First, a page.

Stephen Fry, by his own admission, is a man of many talents — and yet isn’t especially talented at any one given thing. For instance: while he’s a good enough actor, no matter who he’s supposed to be playing, he’s never not Stephen Fry. And the same goes for his writing — the narrator of his novels is never not the Stephen Fry of QI or any of his numerous TV specials. Which means that always present in his prose is the slightly self-conscious pedantry of a comfortably middle-class public school boy who has since gone on to become an acclaimed celebrity. Arugably, that’s a difficult personality type to identify with.
And yet what makes Stephen Fry so compelling and so endearing is his seemingly bottomless thirst for knowledge. So even in his fiction, you can feel him trying to pass on little pieces of information he’s gleaned along the way. At times, it comes across as a bit of an over-stuffed essay from a student eager to share all of the wonderful information that he accumulated during his research. As endearing as all of this may be, it can result in a cluttered narrative and a bloated writing style. Fry is never quite as casual or smooth as he wants to be, and that’s especially true in Revenge, or Star’s Tennis Balls — its UK title which sounds more like a Wodehousian upper-class romp than a tale of bloody vengeance.
Revenge is a modern retelling of The Count of Monte Cristo, set in the 1980s for logistical reasons that become clearer as you read. Since the story is nearly identical to its source, I won’t waste a lot of time with the set up. Needless to say, a mixture of jealousy and ambition cause a couple of people to implicate an innocent, but rich and well-connected, young man in a fairly minor crime. While he’s being questioned, a piece of evidence the boy doesn’t realize he has leads to him being transferred to an insane asylum to shut him up and keep interested parties safe. Again, it’s literally just The Count of Monte Cristo but set in the ’80s. More boater hats, fewer cravats, but ultimately the same story. And that’s one of the book’s main problems.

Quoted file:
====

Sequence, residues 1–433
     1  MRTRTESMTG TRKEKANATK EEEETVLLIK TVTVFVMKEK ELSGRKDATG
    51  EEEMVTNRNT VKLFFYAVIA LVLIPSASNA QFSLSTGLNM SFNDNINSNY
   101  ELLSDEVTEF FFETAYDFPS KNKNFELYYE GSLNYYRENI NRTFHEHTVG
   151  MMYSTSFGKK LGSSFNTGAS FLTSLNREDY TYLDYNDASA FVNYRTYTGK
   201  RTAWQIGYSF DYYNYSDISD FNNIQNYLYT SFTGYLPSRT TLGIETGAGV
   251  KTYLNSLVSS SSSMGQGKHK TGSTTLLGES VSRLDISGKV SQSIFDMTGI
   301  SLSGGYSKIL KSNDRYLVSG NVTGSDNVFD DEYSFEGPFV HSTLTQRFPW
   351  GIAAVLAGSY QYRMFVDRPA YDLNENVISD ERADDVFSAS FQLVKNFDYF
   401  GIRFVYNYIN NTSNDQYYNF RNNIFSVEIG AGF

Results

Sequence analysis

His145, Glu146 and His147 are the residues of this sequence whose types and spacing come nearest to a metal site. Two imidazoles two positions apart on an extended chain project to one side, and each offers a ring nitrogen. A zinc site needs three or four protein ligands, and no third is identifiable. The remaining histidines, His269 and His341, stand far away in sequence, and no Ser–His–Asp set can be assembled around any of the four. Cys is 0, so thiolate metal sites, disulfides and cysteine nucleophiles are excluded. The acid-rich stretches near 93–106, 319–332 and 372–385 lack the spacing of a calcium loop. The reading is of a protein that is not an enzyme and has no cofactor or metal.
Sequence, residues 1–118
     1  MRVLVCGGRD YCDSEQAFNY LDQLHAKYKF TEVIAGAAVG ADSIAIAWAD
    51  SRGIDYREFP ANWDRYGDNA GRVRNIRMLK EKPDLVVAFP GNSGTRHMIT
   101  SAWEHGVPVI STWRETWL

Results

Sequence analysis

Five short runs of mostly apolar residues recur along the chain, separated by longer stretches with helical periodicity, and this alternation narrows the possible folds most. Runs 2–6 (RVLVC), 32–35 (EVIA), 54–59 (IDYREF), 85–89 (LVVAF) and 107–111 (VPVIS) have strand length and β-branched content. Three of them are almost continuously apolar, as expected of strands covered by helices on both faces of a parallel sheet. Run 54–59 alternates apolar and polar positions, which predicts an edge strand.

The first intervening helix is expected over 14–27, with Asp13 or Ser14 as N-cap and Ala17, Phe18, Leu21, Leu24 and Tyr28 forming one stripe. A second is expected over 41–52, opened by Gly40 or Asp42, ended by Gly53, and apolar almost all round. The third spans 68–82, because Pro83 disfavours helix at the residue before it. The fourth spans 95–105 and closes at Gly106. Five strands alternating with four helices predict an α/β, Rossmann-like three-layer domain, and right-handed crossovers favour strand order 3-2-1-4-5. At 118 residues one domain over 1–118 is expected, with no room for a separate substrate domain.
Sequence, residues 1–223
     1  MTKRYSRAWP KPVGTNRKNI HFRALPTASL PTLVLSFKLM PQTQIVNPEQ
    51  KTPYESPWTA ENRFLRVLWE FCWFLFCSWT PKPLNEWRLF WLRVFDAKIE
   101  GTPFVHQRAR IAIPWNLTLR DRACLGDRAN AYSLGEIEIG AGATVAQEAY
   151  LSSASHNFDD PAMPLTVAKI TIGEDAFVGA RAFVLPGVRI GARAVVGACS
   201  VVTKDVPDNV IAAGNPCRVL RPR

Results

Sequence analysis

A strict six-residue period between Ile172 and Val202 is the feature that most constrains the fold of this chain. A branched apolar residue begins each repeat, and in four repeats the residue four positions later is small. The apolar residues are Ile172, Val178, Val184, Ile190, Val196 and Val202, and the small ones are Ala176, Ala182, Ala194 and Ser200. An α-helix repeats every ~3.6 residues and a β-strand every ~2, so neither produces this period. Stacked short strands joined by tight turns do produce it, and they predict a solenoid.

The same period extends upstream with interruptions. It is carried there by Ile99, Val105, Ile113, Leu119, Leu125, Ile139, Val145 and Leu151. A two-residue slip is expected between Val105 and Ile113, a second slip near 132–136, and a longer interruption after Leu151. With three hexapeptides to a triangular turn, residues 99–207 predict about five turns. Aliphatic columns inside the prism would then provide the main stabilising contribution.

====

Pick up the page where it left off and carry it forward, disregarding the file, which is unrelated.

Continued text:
When you do an updated story, something needs to change. Something other than the setting and the time period. I love The Count of Monte Cristo, so if I wanted to read that story, I’d just read it. Or I’d watch the criminally underrated and certainly insane movie starring Guy Pearce. Fry’s book, for at least the first two thirds, just isn’t different enough from the original. In fact, the ways that Fry uses his updated time period earned a handful of eye-rolls while I was reading because they were clunkingly obvious in their attempt to draw a juxtaposition between 19th Century France and 20th Century England.
And then, rather shockingly, the final third turns into a twisted horror show that doesn’t fit the rest of the book at all. Revenge in the 20th Century, at least according to Fry, is a messy, bloody and revolting affair in which everybody who’s ever wronged you is probably a secret pervert for some reason.
Sadly, Fry’s conclusion is probably better than the entire book as a whole. The statement he makes about the realities of revenge, and the way a life would be irreparably changed by a couple of decades locked away in an insane asylum, are actually worth slogging through the book for.
So while it seems like I’m saying to give this a pass, I think it wound up being an interesting case study of a book and a rather fascinating look at what does and doesn’t work when it comes to modern re-writes. And, again, it has a brilliant ending.
Ultimately, it’s uneven, messy, overwritten and unoriginal and yet it wound up being strangely compelling and left me in a daze for days after I’d finished it. I can’t call Revenge anything worse than mediocre, but even Stephen Fry’s mediocrity is worth a look.